I decided in between work obligations and driving to Alexandria this evening to come home and give Cecilia a bath. J and I, after observing several nights of her cleaning herself obsessively, to the point where we had to yell at her to Stop, Please stop, That's disgusting and you are driving us beserk, decided to take a look at her skin and noticed some red bumpy patches as well as - goddamnit - a flea. When J and I see a flea, we don't think rationally. We don't think about flea medications or shampoos. We think - How bad can this get? Will we have to vacate the premises and let loose a barrage of harsh chemicals? Burn down the house? Sometimes J gets more upset and I have to calm him down, and then we switch roles.
I've found, in fact, that ridding the dogs of fleas, or, more specifically, a flea, is actually no harder than putting the dogs back on the preventative Frontline, which I forget to give them most of the time, until I spot a flea. Buying Frontline is essentially the same as paying rent on another house, but it works, and I love to make veterinarians smile by paying inordinate fees for things to make my dogs happier. Like nail clippings and shots.
Before applying the miracle drug however, I wanted to give the dogs, who both needed it, a bath. Unfortunately the May weather is still on the cool side down here. I'm not complaining - we've had gorgeous, humidity-free days, which is rare for this late in the season, but it meant that rather than torture Cecilia with frigid hose water, I'd have to get her in the bathtub.
She got pretty excited when I got the leash down from its hook, but when I tied it to the faucet and told her sweetly to "Come here," she got the picture and skidded under the coffee table where she placed her hard head on her paws with a resolute expression I translated as something like, "Please, for the love of God, I hope she can't see me under here."
I got it done as I always do, of course, hoisting her back end over her front until she tumbled with a horrendous thud into the tub and I proceeded to pour buckets full of lukewarm water gently over her body and head, telling her what a good girl she was and singing some songs I made up on the spot. She continued to look sullen and desperate, as though she were receiving some great punishment, which bothers me, because I'd give anything for someone to douse me with warm-ish water, rub me down with nice-smelling shampoo while singing me a song about how I was the best thing ever.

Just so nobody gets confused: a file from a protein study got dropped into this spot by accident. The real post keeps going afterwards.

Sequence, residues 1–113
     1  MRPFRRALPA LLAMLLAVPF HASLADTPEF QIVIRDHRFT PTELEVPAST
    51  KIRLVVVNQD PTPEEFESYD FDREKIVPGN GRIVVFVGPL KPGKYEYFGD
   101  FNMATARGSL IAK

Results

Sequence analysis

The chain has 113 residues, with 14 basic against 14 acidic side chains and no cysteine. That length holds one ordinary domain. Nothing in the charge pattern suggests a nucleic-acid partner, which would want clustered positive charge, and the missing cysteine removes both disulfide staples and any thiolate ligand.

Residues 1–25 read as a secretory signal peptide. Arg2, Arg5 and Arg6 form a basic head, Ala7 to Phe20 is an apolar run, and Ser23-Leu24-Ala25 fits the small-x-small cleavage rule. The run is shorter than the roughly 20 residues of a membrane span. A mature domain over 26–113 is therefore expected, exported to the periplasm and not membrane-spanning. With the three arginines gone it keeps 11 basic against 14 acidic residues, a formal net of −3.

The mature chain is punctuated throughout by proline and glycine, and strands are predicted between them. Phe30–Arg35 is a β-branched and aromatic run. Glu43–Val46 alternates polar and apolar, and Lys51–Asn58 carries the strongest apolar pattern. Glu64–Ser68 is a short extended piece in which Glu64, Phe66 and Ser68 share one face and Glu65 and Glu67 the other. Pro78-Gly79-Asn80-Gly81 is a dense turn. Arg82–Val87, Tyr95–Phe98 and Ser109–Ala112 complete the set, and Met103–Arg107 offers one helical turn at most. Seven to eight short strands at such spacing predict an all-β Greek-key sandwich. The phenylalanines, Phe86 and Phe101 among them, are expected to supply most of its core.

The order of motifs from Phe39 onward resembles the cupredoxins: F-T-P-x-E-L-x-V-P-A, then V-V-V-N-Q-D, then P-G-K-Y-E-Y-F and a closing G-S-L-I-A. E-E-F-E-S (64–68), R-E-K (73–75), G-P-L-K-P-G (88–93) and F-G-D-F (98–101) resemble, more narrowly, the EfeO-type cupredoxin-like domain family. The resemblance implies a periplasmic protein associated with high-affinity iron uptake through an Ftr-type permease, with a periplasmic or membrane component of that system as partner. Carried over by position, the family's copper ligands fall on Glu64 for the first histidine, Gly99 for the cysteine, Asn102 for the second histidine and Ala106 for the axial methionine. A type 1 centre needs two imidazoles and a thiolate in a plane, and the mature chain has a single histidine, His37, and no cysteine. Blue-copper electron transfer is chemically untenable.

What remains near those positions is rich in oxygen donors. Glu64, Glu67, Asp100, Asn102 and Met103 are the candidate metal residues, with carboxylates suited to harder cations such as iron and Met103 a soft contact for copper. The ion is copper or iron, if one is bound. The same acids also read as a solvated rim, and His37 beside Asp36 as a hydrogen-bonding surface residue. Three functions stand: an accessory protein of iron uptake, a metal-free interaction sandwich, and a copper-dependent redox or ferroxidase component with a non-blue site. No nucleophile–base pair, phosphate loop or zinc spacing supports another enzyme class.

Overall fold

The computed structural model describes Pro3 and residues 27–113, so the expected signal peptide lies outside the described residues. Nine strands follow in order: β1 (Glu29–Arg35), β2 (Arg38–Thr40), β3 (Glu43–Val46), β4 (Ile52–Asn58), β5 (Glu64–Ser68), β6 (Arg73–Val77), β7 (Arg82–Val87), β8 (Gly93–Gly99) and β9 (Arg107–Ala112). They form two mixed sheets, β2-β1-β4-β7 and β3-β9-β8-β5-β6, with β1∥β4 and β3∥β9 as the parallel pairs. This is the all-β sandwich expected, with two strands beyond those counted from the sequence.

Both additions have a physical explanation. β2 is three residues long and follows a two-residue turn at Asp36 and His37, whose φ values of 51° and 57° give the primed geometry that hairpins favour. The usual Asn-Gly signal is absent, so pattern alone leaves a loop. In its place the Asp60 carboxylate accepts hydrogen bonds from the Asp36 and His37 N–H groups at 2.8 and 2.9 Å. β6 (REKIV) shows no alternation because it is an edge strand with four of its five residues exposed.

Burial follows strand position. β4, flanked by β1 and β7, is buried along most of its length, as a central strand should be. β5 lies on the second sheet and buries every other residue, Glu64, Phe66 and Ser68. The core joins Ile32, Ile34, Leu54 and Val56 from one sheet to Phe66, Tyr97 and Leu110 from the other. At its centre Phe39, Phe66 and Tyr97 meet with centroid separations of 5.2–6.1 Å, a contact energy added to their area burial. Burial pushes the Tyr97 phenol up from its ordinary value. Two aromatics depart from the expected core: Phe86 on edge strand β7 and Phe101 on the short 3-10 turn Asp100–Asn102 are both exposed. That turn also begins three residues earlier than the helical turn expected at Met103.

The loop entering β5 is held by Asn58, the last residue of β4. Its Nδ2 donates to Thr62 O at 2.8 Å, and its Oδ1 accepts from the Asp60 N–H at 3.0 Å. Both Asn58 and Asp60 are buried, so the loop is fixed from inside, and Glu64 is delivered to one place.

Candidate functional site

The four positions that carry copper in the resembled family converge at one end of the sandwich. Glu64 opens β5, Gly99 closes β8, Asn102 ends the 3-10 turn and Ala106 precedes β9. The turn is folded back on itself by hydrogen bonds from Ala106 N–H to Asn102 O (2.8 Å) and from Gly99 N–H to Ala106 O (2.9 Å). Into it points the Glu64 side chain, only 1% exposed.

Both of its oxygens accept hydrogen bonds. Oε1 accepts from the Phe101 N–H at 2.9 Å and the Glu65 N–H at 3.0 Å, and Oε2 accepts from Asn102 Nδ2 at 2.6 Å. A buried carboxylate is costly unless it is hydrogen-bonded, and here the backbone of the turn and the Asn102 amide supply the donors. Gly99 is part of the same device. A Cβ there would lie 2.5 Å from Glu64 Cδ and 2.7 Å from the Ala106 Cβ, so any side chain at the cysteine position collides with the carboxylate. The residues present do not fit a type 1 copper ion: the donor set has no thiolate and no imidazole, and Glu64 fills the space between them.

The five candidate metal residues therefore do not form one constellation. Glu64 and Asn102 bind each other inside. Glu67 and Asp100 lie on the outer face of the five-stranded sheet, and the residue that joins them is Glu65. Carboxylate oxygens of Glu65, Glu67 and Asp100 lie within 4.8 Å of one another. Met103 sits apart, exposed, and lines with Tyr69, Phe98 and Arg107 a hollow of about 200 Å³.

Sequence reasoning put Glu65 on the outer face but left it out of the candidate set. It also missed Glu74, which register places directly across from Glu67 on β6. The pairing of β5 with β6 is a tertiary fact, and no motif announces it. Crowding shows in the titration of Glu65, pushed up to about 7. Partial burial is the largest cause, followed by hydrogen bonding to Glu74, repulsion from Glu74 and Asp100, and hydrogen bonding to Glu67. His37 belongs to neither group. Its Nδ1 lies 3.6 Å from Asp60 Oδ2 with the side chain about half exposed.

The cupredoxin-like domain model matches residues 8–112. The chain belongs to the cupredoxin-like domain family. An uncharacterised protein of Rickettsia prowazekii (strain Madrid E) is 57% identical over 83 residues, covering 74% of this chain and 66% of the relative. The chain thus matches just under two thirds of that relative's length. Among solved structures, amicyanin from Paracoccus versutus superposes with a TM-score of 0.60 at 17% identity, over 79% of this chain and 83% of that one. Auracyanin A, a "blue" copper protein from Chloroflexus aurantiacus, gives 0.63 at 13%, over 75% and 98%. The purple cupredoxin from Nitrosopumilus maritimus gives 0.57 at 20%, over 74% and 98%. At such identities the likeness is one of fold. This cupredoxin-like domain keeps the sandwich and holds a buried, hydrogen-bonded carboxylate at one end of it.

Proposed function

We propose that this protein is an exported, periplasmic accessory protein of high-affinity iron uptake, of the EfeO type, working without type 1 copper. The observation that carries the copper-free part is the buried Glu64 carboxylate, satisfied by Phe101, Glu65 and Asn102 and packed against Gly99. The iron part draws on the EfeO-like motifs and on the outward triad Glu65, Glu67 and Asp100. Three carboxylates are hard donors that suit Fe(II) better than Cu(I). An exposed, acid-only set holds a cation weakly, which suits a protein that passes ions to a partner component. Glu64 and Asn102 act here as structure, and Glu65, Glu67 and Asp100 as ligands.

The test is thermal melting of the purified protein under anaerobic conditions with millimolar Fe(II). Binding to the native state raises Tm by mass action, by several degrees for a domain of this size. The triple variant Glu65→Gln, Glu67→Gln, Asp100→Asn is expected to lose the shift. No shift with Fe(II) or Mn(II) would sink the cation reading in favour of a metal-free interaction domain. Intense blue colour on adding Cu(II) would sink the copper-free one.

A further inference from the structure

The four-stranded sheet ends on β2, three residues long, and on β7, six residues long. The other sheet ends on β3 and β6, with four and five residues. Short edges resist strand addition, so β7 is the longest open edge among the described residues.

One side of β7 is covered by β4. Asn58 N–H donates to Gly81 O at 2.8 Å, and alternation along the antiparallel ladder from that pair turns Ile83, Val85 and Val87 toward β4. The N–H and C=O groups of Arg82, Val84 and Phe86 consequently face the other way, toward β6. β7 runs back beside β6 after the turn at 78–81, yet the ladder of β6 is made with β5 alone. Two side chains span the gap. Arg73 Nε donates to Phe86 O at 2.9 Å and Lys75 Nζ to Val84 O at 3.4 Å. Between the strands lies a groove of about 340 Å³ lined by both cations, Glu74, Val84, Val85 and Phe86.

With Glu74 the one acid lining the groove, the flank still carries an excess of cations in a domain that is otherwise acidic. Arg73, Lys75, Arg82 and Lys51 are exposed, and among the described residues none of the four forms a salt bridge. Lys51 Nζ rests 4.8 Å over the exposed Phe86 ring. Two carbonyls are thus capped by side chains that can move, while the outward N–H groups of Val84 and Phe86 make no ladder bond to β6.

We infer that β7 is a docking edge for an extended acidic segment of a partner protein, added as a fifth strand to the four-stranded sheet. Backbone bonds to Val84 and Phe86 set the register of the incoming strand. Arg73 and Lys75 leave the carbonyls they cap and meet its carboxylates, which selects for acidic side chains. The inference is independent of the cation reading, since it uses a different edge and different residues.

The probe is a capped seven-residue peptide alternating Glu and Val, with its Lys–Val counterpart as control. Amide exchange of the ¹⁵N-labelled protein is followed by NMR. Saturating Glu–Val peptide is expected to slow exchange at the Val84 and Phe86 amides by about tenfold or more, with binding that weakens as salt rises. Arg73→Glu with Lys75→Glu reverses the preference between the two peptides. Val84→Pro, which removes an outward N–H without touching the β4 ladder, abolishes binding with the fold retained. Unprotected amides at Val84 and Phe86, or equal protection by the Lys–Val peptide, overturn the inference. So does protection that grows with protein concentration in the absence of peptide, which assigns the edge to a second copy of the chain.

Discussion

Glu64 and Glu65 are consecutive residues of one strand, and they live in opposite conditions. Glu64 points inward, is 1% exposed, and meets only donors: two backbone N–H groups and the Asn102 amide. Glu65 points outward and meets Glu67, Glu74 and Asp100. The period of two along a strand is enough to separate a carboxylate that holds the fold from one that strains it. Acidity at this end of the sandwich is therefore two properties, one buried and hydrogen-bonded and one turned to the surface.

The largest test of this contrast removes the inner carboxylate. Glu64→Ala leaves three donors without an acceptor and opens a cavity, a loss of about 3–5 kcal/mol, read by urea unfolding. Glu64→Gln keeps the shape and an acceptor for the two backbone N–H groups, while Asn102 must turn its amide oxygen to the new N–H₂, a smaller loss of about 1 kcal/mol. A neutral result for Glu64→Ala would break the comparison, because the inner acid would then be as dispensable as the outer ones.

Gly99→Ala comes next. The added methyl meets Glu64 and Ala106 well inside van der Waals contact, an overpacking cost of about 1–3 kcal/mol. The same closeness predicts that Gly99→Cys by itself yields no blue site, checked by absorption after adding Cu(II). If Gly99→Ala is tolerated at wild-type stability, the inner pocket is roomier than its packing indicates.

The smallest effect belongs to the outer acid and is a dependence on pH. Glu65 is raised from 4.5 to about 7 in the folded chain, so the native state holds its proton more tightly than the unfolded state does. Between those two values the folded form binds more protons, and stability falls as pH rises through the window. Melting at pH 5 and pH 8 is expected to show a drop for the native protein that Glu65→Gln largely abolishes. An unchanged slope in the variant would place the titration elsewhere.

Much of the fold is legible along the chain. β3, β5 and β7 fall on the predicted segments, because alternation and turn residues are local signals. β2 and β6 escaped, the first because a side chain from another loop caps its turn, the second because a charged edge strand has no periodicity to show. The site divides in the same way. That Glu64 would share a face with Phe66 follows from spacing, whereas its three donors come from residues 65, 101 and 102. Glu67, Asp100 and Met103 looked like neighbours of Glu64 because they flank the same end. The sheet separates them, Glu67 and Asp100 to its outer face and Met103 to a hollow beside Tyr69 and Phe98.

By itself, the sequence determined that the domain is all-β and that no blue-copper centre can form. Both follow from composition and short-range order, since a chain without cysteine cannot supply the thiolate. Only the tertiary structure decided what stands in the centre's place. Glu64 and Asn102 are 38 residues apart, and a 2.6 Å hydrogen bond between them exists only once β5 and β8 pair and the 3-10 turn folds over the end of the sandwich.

I let her get herself, clumsily, out of the bathtub, and proceeded to wash Mina (pick up, hold steady, pour water, scrub down, pour water, pick up) quickly, then let them both out in the back yard to dry off in the sun. And rub themselves in the dirt.
I love watching dogs after they get baths. They always seem to find some untapped reserve of energy for such an occasion and act like idiots, running in circles, so extremely joyful to be free from the torture of being properly cleaned. Today as I watched them I saw that same joy, and I also noticed, for some reason, how they looked without their collars on. Especially Cecilia. Stripey, and big and muddled colors, looking at me with her mouth open and ears perked up, I couldn't help but notice how much she looked like so many of the dogs I'd known while working at the animal shelter. Without her prepster sailboat collar, she could have been any of those dogs. Her face and coloring matched hundreds of others, many of whom never made it out. I took Cecilia home when a foster dog I'd had for a few days starting fighting with Mina. Teary-eyed, I took the foster back to the shelter on a unbearably grey day during one of our infamous ice storms. I felt like I was taking her to her death, having not found a home for her, and thought the least I could do was take someone else. Cecilia's brother had been adopted just a few days before, and she sat in the back of her kennel wagging her tail timidly and bit me playfully all over my arms when I reached in to say hi. I took her home because I felt bad about all the dogs who never find homes. I remember distinctly J's reaction when he came over to see my new foster puppy, like, Oh, I see. That kind of dog. A week later I was lying to people who called in response to the "Adopt Cecilia" posters I'd placed around town, telling them she'd already been taken, and then I stopped lying and just admitted I wanted to keep her.
I'm not very keen on yelling at people about adopting dogs from shelters, telling people how many animals are homeless, and how many die because there just aren't enough homes for them all (unless drinking at times). I just think they should be loved. Of course they should - I'm not sharing any deep knowledge, it just struck me today, looking at my collarless dogs, how randomly they came into my life and how I'm so happy that they did but every once in a while I am totally overwhelmed by how many more need that same chance.